This last lesson was one of the most interesting to watch. Kiki is no longer with her childhood playmates. Her awkwardness in learning how to get along with the opposite gender is something that we as the audience can sympathize with, as she begins the transition from little girl to young woman. Kiki not only has to learn how to handle a local boy who is enamored with her, but also must establish other friends, both male and female, in a place with different social rules than her rural community. Kiki is able to begin making real connections with others only when she finally relinquishes the comfort of her final emotional “shields” (her broom and her cat, Jiji).
She takes a bike ride with another young person at one point. It seems to symbolize the imaginary and real dangers young people face when they first set out into the real world. Kiki and her new friend Tombo take a roller-coaster ride on his bike through the town’s streets which ends in a crash at the beach; however, nobody is really hurt (except the bicycle) and Kiki’s reaction is relieved laughter. Wouldn’t life’s difficulties be so much easier to handle if we were able to laugh a little more at them? Just a side note that I thought of : )
Yet with these newfound adventures come changes. Kiki finds that she doesn’t understand her own feelings about Tombo or the other city teenagers he associates with. As she struggles to find her place in the world, her waning confidence is further diminished by the discovery that she cannot hear Jiji speak anymore, her broom is broken, AND her witch’s powers have gone missing. She feels lost and alone at this uncertain stage of her journey.
Devastated by the turn of events, Kiki accepts an invitation to visit a woman she met earlier. The woman is a young artist who lives in the woods and devotes her time to her passion of creating art. By taking Kiki under her wing, the woman-artist teaches her that though growing up is a hard thing to do, everyone is able to find who they are if they are able to “trust their spirit” and find their innate talents. Her mentorship of Kiki helps the young witch understand that she should never give up, even when times get hard, and that she should seek to rediscover her purpose. Also, the woman-artist shows Kiki that even though one must grow in maturity doesn’t mean that you can’t still be young at heart!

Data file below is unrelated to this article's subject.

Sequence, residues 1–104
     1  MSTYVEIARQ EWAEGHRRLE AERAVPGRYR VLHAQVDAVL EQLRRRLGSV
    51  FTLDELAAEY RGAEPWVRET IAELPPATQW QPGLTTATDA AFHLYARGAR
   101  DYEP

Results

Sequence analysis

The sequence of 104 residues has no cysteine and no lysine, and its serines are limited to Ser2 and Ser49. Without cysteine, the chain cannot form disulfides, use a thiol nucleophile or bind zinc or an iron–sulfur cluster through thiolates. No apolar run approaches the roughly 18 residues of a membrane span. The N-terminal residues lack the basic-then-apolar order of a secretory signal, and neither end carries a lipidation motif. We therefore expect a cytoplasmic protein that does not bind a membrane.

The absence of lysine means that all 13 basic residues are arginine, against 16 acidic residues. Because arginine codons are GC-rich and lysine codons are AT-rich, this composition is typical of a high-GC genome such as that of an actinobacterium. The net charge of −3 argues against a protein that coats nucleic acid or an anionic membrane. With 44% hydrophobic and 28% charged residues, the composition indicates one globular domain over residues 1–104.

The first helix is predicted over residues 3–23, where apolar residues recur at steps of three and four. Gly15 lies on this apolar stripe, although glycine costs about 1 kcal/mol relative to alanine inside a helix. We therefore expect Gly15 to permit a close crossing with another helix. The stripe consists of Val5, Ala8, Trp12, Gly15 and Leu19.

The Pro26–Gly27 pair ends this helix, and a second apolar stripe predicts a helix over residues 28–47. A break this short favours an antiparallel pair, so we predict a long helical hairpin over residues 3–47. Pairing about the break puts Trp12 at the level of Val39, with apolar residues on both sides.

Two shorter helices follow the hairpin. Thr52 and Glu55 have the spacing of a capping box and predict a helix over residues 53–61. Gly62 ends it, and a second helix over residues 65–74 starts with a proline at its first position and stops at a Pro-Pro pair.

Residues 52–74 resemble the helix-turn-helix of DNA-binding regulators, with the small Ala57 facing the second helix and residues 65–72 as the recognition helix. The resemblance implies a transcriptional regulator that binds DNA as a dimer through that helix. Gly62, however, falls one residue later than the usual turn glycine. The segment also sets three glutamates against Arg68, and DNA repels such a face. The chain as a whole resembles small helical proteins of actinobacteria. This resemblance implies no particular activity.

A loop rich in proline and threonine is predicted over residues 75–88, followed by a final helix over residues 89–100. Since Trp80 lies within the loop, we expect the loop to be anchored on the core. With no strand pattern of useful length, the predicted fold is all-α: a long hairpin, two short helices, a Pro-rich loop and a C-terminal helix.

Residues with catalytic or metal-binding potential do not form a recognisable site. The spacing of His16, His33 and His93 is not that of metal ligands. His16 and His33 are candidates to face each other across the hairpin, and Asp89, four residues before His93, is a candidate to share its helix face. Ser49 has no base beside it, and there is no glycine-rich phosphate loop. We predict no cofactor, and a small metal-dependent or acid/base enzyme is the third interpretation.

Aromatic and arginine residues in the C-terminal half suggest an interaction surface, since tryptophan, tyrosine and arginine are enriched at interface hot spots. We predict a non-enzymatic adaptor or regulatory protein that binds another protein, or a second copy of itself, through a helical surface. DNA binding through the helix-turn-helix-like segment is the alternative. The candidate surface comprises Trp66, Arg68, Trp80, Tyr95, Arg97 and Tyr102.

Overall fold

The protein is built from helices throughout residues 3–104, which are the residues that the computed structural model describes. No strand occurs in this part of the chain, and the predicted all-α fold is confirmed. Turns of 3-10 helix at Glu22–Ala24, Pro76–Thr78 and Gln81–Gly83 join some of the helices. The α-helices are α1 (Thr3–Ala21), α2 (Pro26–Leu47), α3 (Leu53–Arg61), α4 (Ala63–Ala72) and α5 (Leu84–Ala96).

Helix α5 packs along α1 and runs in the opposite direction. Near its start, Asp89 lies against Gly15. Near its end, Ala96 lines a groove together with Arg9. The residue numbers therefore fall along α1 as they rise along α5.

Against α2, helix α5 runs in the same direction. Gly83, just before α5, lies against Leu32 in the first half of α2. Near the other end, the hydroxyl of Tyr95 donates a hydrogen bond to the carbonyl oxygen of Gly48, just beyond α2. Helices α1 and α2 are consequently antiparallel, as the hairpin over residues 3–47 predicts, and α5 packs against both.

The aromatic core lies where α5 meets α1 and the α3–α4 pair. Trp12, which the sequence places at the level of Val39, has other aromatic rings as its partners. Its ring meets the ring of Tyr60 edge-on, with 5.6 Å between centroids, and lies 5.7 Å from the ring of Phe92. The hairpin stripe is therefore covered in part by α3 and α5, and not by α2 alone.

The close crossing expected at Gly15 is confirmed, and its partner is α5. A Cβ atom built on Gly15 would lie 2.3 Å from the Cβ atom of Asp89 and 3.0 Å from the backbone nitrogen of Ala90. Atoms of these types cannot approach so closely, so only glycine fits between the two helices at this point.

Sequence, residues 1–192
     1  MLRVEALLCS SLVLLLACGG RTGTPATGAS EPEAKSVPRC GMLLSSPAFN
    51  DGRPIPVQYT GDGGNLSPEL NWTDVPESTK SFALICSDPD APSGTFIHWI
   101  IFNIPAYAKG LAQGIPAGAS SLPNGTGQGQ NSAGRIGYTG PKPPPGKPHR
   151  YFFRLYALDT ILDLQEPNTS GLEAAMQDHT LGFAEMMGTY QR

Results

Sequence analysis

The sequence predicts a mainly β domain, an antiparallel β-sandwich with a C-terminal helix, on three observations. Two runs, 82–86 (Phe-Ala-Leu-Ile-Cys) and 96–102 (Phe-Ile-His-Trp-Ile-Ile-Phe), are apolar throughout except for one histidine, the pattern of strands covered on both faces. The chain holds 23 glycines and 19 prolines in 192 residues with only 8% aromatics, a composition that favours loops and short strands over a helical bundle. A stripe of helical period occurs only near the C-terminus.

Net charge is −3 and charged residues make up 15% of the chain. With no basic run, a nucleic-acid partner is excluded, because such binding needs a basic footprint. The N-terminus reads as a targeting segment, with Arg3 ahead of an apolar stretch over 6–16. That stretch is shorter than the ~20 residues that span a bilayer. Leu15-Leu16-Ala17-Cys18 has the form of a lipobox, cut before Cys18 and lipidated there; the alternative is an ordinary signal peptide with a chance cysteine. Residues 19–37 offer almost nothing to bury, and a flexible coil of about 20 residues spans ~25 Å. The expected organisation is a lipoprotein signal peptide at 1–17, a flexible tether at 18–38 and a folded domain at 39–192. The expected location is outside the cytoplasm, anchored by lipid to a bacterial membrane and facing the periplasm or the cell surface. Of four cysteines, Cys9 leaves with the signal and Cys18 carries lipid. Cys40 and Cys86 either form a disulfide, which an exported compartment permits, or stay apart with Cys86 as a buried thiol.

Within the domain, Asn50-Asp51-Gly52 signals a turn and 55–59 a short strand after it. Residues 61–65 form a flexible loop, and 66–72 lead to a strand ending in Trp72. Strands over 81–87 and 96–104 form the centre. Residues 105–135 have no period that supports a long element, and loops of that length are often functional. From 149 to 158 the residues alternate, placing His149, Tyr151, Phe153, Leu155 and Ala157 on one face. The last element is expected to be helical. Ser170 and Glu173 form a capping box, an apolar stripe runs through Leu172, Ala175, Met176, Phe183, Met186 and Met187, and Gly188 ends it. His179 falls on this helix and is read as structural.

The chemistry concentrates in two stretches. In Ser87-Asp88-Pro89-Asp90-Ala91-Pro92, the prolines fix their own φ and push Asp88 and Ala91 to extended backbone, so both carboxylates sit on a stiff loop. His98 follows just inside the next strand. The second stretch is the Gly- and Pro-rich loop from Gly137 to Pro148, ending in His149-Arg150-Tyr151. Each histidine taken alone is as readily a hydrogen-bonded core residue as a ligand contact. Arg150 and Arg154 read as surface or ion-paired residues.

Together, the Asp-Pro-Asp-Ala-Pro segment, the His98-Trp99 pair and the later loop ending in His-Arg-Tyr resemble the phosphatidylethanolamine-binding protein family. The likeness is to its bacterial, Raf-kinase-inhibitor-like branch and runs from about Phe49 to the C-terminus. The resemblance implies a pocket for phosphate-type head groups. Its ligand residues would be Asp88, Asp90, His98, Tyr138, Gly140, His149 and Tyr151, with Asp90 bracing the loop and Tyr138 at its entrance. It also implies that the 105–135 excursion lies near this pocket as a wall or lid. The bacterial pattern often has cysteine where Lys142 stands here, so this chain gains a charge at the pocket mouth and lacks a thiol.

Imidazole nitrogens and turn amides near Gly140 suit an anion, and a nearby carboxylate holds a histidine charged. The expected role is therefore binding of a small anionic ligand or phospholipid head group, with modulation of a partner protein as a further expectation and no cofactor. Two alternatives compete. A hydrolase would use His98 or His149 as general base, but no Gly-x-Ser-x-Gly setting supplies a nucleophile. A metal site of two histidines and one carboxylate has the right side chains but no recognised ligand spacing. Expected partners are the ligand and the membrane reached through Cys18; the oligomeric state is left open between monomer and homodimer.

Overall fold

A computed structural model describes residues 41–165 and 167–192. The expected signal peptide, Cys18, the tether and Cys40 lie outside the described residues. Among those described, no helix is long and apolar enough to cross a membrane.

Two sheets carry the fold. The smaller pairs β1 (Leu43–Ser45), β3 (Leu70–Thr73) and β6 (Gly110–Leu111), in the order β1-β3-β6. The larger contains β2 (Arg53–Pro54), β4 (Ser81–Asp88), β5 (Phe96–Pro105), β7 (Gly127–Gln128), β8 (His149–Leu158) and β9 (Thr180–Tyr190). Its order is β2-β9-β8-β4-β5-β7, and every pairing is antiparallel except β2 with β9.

Kiki returns to the city still unsure of what exactly she is supposed to do, but resolute in her determination to discover somehow who she is meant to be. A sudden crisis forces her to take action and search deep within herself to save her new friend Tombo from a terrible accident. It is a sink or swim moment… and Kiki flies.
In the end, she regains her powers as a witch, gets another broom, develops a new relationship with Jiji (symbolizing her newly mature inner self), finds true friendship with many people in the city, establishes a successful delivery service, and learns how to be herself no matter what. Through her hard work, respect for others, and confidence, Kiki is an example of what young people are capable of accomplishing when they are given the upbringing, resources, mentors, and freedom to explore life.
Oh, and school was never mentioned.